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Company Car Tax

Company Car Tax can be confusing if you are not sure about it, we have listed some frequently asked questions and a car tax terms guide and some useful links which will help you understand a bit more about it.

Q: What is company car tax?

A: Company Car tax is payable on a certain percentage of the total P11d value of your car. The percentage is determined based on the emissions of the car. People earning £37,400 per year or less will have to pay 20% of this amount in tax, and people earning over that amount will have to pay 40%. This is normally deducted each month from your salary.
Please click on the link below which you will find very useful.

Q: Are there any dispensations for low-emission cars that aren't 100% electric?

A: From April 2010, the percentage of list price to be taxed will be halved if CO2 emissions are between one and 75g/km. This will go on for five years, although at this time there aren't any cars for sale in the UK with such low emissions.

Q: Is there a maximum price cap on the amount taxable on a company car?

A: Yes, but this will not be not for long. The price cap currently stands at £80,000 - but after April 2011 this will be abolished and the whole P11d value will be taxable.

Q: Why are diesels so popular?

A: Diesels produce less CO2, so the tax bill should be smaller. However, they are usually significantly more expensive to buy than an equivalent petrol version, so you have to make sure the higher P11D price doesn't outweigh any advantage from a lower tax band. You also need to do your homework on fuel costs, because diesel costs are more at the pumps than petrol and you will need to meet the predicted fuel economy figures from the manufacturer to gain a real benefit.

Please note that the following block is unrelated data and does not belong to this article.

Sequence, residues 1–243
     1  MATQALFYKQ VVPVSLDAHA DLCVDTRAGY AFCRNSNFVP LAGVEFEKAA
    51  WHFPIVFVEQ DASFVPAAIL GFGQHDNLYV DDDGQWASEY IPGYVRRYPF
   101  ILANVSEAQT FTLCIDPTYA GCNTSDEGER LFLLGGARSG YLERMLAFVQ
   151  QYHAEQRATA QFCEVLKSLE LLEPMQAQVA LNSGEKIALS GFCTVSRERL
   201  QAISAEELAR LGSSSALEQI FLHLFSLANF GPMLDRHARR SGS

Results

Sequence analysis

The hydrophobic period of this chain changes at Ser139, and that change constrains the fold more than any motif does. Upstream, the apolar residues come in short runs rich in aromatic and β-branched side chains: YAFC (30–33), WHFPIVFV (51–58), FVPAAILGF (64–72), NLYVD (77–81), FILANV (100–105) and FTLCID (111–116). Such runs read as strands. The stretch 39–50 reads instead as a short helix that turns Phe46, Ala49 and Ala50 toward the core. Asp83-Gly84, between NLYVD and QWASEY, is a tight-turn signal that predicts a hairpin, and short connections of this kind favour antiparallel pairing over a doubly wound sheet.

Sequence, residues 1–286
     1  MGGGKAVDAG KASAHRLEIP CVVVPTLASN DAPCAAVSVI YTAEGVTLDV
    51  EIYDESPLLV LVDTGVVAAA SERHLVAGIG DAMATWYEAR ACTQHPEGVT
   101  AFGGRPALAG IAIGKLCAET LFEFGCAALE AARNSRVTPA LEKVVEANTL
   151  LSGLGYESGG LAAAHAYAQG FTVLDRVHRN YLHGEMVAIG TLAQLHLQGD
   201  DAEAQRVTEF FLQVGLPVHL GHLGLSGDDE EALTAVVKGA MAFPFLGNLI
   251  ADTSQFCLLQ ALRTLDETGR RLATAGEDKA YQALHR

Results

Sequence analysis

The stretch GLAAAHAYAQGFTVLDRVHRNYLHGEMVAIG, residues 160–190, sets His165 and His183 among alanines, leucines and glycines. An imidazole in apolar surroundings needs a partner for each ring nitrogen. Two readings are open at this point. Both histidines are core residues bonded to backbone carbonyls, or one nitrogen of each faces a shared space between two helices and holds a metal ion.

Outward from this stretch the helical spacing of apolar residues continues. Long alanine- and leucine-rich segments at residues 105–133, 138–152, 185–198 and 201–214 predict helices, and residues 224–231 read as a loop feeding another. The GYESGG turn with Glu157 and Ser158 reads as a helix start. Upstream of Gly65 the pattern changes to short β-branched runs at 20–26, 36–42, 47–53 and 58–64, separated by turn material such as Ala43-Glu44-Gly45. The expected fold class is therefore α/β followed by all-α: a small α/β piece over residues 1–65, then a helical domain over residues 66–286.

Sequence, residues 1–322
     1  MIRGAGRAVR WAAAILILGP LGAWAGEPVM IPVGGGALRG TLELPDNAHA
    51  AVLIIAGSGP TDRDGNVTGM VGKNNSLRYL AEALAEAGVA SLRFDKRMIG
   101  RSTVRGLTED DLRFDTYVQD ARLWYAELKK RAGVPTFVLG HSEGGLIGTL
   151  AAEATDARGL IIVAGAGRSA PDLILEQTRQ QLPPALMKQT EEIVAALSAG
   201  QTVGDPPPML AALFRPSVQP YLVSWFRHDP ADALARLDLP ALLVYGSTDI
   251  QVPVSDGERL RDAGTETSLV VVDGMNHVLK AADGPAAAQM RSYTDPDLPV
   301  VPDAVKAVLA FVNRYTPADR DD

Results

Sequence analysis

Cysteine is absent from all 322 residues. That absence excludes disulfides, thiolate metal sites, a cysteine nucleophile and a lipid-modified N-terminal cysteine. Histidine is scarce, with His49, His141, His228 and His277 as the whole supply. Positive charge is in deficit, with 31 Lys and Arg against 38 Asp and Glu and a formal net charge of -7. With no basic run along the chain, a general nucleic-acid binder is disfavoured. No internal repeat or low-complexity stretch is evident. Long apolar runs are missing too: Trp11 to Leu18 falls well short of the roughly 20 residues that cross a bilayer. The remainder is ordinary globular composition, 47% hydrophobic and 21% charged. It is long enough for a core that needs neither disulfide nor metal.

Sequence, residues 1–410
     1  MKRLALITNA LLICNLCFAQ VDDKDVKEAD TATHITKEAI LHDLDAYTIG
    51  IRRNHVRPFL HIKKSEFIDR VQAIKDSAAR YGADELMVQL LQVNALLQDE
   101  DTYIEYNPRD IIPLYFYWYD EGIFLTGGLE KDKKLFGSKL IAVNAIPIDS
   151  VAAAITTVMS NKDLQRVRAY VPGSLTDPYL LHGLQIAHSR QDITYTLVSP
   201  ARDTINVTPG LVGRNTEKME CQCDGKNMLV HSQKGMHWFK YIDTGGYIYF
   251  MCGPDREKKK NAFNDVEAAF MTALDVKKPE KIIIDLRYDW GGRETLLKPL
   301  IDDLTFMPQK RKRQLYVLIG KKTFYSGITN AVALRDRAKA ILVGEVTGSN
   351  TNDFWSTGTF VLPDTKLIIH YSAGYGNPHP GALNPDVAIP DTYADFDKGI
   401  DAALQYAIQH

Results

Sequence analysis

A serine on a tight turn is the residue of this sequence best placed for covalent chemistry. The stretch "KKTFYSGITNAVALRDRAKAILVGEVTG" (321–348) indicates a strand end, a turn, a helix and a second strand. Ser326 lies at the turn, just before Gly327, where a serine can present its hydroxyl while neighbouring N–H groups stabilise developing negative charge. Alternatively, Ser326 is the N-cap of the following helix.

Q: Will electric cars be exempt from company car tax?

A: Yes. Following an announcement made by Alistair Darling last year in the pre-budget report, electric cars will be exempt from company car tax for five years, beginning in April 2010.

Q: How about hybrid cars?

A: Hybrid cars currently conform to the same tax rules as petrol cars. This means they sit in lower bands, so you'll pay less tax for owning them.

Q: Are there rules for vans?

A: Light commercial vehicles, including double-cab pick-up trucks with payloads in excess of 1000kg, are classed as a benefit in kind if they are also provided for private use.

Unlike cars, tax on use of commercial vehicles provided by an employer is levied at a flat rate. Currently this is £3000 if the van is less than four years old at the end of the tax year. Therefore a basic rate taxpayer would owe the treasury £600 a year, while a higher rate taxpayer would have an annual bill of £1200. If fuel is also provided by the employer or private use, the tax payable on this is £700 for a 20% taxpayer, and £1400 for a 40% taxpayer.

Q: So how much should I expect to pay in company car tax?

A: Please click on the link below which will help you calculate this information.

Familiar company car tax terms

Basic rate - for employees earning under 37,401 a year, a lower rate of tax is payable. With regards to company car tax, they are eligible for a 20% tax rate.

Benefit in kind (BIK) - this is any benefit which employees receive from employment but are not included in a salary. The obvious example in our case is company cars, which are taxed according to the income of the employee.

Emissions - the amount of gas the car emits from the exhaust. Measured in terms of CO2 for company car tax purposes.

g/km - the level of carbon dioxide emitted by a car is measure in grams per kilometre.

Higher rate - for an employee earning over £37,401, a higher rate of tax is payable. With regards to company car tax, this means paying 40% tax.

P11d - this is the form that each employer must fill in annually and send to the tax office.

P11d value - this is the value of your car including RRP, VAT, delivery and any extras (such as metallic paint or satellite navigation). It does not include road tax or first registration fee.

Recommended retail price (RRP) - this is the amount the car manufacturer thinks its car is worth. It's likely that some RRPs will be very different from the actual price the customer pays for the car thanks to heavy discounting, so be aware that you may end up paying far higher tax on your car than you thought.

Vehicle Excise Duty (VED) - this is payable on all cars, and is based on the CO2 output of the car in question.

Useful Car Tax Links

Taxation of Company cars (Employees Guide)
Income Tax and Company Vans
Company Car and Car fuel Benefit Calculator
Vehicle Excise Duty Calculator
New Advisory Fuel Rates
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